The Bank of England has kept interest rates on hold at the record low level of 0.1 per cent but signalled it is prepared to take further action to tackle the effects of coronavirus.
The Bank’s monetary policy committee (MPC) today said it “stands ready to respond further as necessary to guard against an unwarranted tightening in financial conditions, and support the economy”.
Threadneedle Street also gave a gloomy assessment of the economy. The MPC said: “The economic consequences of [coronavirus] are becoming more apparent and a very sharp reduction in activity is likely.”
The Bank slashed interest rates to 0.1 per cent at two emergency meetings over the last two weeks. That is the lowest interest rates have ever been in the Bank’s 325-year history.
The rate cuts were designed to pump liquidity into the economy during the coronavirus outbreak. It is also meant to shore up lending and balance sheets.
The BoE has also ramped up its bond-buying, pledging to purchase £200bn more debt. It said today it will continue with this quantitative easing. The Bank added: “If needed, the MPC can expand asset purchases further.”
On top of this, the Bank has cut so-called capital buffers for banks, giving them more cash to lend. It will also buy companies’ short-term debt.
The Bank of England today decided to maintain current policy for the time being. But it said it is prepared to take further action if needed.
The MPC added that it is looking at “the pass-through to banks and building societies’ lending rates of the recent reductions in bank rate”.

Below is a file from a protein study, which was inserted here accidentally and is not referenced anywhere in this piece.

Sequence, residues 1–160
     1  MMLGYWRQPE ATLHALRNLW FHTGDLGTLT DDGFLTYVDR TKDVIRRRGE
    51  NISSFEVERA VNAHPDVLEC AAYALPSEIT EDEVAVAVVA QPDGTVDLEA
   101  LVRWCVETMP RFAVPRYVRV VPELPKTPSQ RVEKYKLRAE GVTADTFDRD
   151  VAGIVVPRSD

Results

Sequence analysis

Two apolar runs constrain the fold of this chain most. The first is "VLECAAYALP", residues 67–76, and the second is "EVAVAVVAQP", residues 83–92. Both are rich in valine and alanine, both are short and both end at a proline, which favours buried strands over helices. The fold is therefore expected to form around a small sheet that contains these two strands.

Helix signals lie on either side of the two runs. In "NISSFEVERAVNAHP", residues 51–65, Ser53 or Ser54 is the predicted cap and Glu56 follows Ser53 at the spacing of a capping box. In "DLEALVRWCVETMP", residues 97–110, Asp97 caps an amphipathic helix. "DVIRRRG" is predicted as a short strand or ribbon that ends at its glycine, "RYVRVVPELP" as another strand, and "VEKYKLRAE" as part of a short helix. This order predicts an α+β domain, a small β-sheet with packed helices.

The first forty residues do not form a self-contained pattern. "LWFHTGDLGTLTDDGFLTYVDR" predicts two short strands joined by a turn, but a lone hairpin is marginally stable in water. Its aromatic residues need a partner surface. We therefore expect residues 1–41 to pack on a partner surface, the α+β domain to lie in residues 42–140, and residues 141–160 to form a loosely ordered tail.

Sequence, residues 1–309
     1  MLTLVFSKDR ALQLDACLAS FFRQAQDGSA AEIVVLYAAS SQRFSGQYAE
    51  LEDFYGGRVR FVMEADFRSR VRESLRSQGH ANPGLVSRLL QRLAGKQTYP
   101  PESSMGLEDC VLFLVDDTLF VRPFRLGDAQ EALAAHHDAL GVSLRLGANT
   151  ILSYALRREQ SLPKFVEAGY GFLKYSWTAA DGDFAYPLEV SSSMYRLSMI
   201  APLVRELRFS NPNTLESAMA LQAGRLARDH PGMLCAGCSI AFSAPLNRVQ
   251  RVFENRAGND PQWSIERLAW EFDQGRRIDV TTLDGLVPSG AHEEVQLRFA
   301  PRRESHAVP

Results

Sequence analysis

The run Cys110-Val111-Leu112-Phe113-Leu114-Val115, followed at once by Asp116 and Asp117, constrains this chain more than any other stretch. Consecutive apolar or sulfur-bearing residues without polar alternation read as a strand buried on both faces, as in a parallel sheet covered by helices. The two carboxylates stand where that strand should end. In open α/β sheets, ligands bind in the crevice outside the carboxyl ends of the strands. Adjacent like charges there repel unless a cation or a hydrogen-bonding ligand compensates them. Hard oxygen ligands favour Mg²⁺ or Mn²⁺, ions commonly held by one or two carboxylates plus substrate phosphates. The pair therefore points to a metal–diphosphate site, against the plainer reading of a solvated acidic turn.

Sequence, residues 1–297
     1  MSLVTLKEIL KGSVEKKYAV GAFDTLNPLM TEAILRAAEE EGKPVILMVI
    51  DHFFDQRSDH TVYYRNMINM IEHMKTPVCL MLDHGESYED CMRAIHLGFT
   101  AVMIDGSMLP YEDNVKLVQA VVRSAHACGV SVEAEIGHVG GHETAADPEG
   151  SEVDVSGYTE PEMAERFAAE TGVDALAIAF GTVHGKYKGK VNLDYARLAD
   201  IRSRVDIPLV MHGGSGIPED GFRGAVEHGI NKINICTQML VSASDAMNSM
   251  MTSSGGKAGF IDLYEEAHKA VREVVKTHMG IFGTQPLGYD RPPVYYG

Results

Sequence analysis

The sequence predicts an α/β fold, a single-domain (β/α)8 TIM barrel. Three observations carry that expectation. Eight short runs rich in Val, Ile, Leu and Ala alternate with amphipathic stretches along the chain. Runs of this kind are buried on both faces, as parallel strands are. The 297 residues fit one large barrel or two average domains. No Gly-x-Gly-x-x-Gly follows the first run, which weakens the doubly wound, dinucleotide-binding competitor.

Ensuring the extra liquidity reaches the right firms has been a concern of the Bank. It yesterday sent a letter to banks, along with the government and the City watchdog, telling them to keep lending to businesses to ensure that previously viable companies do not fail due to the crisis.
Risk of ‘longer-term damage to the economy’
The Bank of England today gave a stark assessment of the outlook for the UK economy. However, it warned predictions were currently deeply uncertain.
“There is a risk of longer-term damage to the economy, especially if there are business failures on a large scale or significant increases in unemployment,” the MPC said.
“There is little evidence as yet to assess the precise magnitude of the economic shock from Covid-19. It is probable that global GDP will fall sharply during the first half of this year. Unemployment is likely to rise rapidly across a range of economies, as suggested by early indicators.”
Paul Dales, chief UK economist at consultancy Capital Economics, said: “After unleashing unprecedented support in two emergency meetings over the past two weeks, the Bank of England took a break today.”
However, he said that if stress starts to show in the UK’s bond markets, “expect the Bank to do more by providing more liquidity and/or increasing its asset purchases”.
He suggested the BoE might follow the US Federal Reserve and “announce open-ended asset purchases”.